This victory is the culmination of years of work by veterans, patriots, and others who are committed to our Constitution and an #AmericaFirst foreign policy.

In March 2023, the Arizona Senate became the first body to pass this bill. Our movement is continually growing, and over 30 state legislatures will have versions of the Defend the Guard Act introduced in 2024.

If you want to enlist in the movement to #BringOurTroopsHome from endless wars and defend the integrity of your National Guard, please begin making a monthly contribution to our veteran-led organization:

According to Bring Our Troops Home’s webpage,

Bring Our Troops Home is an organization composed of veterans of the Global War on Terror and their civilian allies who are dedicated to ending American involvement in our endless wars in the Middle East and bringing our troops home. We insist that the Constitution of the United States be respected and enforced, requiring a formal declaration of war by Congress before U.S. military forces are deployed into combat overseas. And we are committed to returning to a foreign policy befitting a limited government republic, one that puts “America First.”

To achieve these goals, Bring Our Troops Home will utilize public education, political action, and legislation, including passing “Defend the Guard” bills in state houses across the country.

Pete Hegseth and Kayleigh McEnany also endorsed the legislation on Fox and Friends this weekend:

HEGSETH: This caught my eye. It’s a really interesting development. Right now, This is New Hampshire only, and New Hampshire is simply pointing out that it’s supposed to be Congress that declares war. It has become an executive branch function, and as a result, unless the Congress declares war, New Hampshire doesn’t have to send troops for foreign wars. To me, it makes a lot of sense. I spent most of my career as a National Guardsman, deployed multiple times with the National Guard to foreign wars. We got used to the idea that State National Guard are part of expeditionary forces, which is not traditionally the use of a National Guard. And so this is New Hampshire saying we don’t trust how the federal government is going to use our troops. So, we’re willing to commit them when the American people, through their elected branch in Congress, commits those troops to a foreign war, then you can. I love this idea. I’m sure the National Guard Bureau is, “Oh no.” I love states exerting their influence through a system of federalism and the idea of protecting the prerogative of why are we sending some young guy from New Hampshire to the eastern province of Afghanistan, when you have a northern border problem or floods that happen in New Hampshire and they’re not there to be able to provide support for that? It’s an interesting development. It will be interesting to see whether other legislatures do this and how the military reacts to it.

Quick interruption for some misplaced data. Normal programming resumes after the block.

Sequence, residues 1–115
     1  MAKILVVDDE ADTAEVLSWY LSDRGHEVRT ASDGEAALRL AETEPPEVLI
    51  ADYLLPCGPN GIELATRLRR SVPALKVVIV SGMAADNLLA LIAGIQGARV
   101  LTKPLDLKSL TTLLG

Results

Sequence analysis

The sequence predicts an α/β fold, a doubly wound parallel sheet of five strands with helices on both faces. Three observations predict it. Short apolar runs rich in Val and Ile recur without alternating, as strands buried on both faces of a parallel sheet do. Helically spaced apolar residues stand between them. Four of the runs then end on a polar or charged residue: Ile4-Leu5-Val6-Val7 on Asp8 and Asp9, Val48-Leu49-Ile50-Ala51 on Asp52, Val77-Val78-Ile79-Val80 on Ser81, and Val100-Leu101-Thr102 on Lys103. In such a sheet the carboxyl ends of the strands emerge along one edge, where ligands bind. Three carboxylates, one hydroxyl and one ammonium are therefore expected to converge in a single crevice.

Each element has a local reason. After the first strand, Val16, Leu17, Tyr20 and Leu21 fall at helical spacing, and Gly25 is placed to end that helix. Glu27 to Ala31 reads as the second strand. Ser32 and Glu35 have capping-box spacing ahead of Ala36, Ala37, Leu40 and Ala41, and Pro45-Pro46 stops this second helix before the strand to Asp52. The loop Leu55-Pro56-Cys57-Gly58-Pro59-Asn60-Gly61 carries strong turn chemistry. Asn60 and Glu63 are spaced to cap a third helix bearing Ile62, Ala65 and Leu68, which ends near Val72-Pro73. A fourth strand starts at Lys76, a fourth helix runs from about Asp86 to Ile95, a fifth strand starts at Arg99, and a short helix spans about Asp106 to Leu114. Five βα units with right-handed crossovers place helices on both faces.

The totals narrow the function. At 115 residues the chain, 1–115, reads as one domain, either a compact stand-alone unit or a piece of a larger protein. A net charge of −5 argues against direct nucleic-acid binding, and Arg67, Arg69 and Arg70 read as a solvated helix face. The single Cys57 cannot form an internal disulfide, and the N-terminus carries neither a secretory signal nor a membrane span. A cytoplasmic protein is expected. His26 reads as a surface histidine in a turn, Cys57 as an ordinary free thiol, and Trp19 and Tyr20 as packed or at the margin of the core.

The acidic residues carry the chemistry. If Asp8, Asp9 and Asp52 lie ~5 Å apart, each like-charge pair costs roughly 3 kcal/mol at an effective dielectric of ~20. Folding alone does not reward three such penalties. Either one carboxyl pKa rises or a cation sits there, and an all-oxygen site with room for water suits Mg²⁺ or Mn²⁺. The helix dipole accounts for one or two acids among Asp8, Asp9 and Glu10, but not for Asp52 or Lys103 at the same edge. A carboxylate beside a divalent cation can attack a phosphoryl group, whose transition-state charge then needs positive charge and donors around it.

MCENANY: Why are states having to tell the federal government, abide by the letter of the Constitution? I love it as well. But it’s an unfortunate state of affairs when the states are having to say abide by the text.